News and Tribune


April 25, 2014

FAMILY BRANCHES: Seeing the benefits of WPA

> SOUTHERN INDIANA — The Works Project Administration (WPA) began in 1935 and existed until 1943 with the goal to provide jobs to Americans to ease long term unemployment. The project ended with the beginning of WW II when unemployment dropped. The many projects were varied and included the arts, music, construction jobs, schools, bridges and many other useful community projects.

We benefit from many of these projects that still exist today. More familiar to genealogists is the work done which helps our research. Numerous records were indexed and include soundex for census, indexing of books, newspapers, and cemetery records. There are lesser known projects and a new DVD highlights oral histories and interviews with former African-American Slaves. “Generations – The WPA Ex-Slave Narrative Genealogical Resource Database, Volume I – Ex-Slaves with Virginia Origins” by Dr. James M. Rose is the first in a series. The DVD presents narratives from ex-slaves and provides strong genealogical evidence pertaining to each where possible. Depending on each individual, evidence may include census records, death records, probate records, plantation records, and information on slave owners. This DVD discusses ex-slaves who were born in Virginia or had parents or grandparents born in Virginia. By 1937-38 many of those interviewed had already migrated away to other states. This work also includes appendixes with genealogical findings on former slaves living in Alabama and Georgia who did not have Virginia roots. There is an advanced search which permits a viewer to search by name. The most interesting part is reading these narratives and expanding our knowledge of the people who lived during this time period. Tales are told about freed slaves who were treated kindly and of not so kind powerful men who tried to trick them back into servitude. Books and learning were important to these former slaves so that they could protect themselves from such tricks. One narrative mentions Mrs. Abraham Lincoln while on a trip to Richmond, Va., observing a pregnant slave woman being beaten. Mrs. Lincoln stated she would be sure to share this event with her husband when she returned to Washington, D.C. One can’t help but wonder how events such as this may have affected much of the history we now know. The DVD is available for $39.99 plus $5.50 shipping from Genealogical Publishing Co., Inc., 3600 Clipper Mill Road, Suite 260, Baltimore, MD 21211-1953 or 1-800-296-6687. A website is available at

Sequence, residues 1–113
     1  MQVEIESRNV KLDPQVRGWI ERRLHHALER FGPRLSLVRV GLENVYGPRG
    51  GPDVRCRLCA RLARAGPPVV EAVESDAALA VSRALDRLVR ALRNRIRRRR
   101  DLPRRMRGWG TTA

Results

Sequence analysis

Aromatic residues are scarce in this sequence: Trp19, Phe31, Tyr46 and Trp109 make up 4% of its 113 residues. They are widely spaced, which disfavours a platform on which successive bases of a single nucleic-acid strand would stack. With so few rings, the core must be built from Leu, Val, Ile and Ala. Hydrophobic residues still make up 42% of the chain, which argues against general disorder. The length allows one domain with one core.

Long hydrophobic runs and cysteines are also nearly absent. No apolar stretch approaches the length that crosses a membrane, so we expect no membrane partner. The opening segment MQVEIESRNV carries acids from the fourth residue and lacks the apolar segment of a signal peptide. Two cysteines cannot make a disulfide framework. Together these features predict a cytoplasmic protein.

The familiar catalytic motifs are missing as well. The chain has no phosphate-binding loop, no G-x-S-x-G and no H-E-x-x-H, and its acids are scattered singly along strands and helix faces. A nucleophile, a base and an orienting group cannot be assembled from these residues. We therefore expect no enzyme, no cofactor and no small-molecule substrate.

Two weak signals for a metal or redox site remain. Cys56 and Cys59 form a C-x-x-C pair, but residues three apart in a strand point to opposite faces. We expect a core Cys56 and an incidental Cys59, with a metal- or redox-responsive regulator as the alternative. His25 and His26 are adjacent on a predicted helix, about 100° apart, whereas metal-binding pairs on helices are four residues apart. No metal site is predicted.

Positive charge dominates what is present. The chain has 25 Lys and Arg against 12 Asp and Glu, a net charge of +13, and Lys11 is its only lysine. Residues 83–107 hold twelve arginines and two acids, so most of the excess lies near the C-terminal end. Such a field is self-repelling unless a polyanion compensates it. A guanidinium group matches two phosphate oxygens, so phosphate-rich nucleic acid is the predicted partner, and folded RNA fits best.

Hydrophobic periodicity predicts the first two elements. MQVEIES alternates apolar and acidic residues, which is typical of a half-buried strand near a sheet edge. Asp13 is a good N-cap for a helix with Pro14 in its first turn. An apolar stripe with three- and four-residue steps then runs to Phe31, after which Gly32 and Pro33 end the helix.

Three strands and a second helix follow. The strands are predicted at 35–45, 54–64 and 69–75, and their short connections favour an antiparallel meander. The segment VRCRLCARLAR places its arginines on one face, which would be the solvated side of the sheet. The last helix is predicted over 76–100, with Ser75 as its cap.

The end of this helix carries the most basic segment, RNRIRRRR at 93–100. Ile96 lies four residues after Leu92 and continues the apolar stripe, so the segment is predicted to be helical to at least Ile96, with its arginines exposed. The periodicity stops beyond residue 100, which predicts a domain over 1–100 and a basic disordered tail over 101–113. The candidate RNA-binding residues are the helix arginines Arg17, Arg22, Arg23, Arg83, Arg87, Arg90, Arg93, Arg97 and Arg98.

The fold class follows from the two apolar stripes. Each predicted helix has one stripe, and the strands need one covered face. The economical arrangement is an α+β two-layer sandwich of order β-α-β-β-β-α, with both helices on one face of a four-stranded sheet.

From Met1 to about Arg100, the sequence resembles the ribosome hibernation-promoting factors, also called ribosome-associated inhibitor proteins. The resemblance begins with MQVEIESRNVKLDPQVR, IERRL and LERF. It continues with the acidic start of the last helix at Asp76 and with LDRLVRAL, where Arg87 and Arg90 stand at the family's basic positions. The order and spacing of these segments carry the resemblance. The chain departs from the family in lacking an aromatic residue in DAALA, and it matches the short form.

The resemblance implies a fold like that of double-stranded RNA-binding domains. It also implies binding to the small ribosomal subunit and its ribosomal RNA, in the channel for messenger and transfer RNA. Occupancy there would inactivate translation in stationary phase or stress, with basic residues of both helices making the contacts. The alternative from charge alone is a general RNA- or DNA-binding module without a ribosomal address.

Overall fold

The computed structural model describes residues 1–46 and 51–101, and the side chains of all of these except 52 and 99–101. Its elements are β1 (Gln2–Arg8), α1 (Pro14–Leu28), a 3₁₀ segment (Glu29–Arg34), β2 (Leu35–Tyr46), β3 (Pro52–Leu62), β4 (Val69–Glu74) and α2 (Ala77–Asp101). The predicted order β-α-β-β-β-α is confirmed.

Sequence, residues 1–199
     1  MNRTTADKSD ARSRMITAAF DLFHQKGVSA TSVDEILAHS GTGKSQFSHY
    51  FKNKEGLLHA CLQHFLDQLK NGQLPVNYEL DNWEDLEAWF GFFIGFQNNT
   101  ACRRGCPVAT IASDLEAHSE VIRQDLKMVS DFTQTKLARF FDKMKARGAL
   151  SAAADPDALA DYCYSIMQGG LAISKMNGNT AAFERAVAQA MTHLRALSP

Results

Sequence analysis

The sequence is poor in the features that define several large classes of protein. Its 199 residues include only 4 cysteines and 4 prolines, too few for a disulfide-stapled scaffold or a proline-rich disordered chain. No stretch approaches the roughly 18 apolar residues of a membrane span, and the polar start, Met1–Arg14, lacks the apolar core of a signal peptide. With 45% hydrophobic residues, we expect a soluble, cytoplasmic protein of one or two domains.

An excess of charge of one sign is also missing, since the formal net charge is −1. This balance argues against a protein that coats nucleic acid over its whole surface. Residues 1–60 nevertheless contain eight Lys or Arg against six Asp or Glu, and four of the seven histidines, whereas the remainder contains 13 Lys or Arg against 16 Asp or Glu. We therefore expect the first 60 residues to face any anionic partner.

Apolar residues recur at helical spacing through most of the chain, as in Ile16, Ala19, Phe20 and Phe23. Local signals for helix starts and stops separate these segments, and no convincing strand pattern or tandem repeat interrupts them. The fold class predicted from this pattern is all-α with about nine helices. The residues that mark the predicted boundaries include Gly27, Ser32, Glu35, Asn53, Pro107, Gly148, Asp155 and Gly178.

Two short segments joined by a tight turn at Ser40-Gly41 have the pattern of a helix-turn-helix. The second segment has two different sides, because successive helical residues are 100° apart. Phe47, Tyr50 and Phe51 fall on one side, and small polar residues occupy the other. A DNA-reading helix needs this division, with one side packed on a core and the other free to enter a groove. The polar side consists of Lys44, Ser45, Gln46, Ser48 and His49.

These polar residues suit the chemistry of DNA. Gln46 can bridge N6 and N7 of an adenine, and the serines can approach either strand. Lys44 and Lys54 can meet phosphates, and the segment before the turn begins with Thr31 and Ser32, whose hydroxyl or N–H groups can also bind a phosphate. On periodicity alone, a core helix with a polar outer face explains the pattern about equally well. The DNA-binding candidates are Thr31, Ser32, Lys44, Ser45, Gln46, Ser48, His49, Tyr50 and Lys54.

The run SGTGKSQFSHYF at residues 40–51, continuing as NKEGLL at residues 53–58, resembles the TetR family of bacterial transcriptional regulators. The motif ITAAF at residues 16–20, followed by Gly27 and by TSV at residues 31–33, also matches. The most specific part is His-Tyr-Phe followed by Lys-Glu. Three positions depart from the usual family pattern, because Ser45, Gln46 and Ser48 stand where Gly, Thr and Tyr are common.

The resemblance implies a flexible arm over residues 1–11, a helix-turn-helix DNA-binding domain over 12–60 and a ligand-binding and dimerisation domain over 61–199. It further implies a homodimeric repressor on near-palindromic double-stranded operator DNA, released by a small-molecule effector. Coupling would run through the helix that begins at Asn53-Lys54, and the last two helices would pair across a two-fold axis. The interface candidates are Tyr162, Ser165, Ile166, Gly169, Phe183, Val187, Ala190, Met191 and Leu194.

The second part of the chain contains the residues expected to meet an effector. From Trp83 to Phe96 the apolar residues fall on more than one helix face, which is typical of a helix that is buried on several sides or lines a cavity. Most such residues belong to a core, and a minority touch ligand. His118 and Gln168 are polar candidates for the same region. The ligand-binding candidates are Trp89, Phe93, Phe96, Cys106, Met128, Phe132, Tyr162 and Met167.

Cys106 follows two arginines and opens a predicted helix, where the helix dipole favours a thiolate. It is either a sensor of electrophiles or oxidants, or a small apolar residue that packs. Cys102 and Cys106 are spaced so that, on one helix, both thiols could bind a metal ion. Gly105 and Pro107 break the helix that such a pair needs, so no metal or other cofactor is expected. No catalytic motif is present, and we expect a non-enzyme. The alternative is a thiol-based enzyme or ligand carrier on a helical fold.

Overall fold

The Southern Indiana Genealogical Society (SIGS) will celebrate its 35th anniversary at its May 1 meeting. Library representatives of genealogy and local history departments will present a workshop, “Finding First Families in Floyd, Clark, and Harrison Counties.” Guest speakers Melissa Wiseheart, Allison Fredrickson, and Kathy Fisher of the New Albany-Floyd County, Jeffersonville Township (in Clark County), and Harrison County Public Libraries will suggest strategies for researching original settlers in the three counties by using common and unique resources. The program is part of SIGS’ First Families of Floyd, Clark, and Harrison Counties Project which is dedicated to discovering, honoring, and preserving the memory of the tri-county pioneers. Membership in First Families is open to anyone proving direct descent from a settler living in the tri-county area prior to Dec. 31, 1840. Web link provides applications for the First Families Project. The meeting will begin at 7 p.m. at the New Albany-Floyd County Public Library, 180 W. Spring St. in New Albany. More information may be found at The public is invited.

— Vicky  Zuverink is a past president of the Southern Indiana Genealogical Society. Queries are free and must include both a date to establish a time period and a location where the people lived. Please include your e-mail or postal address so you can be contacted by someone interested in your family. Submit queries to: Vicky Zuverink at

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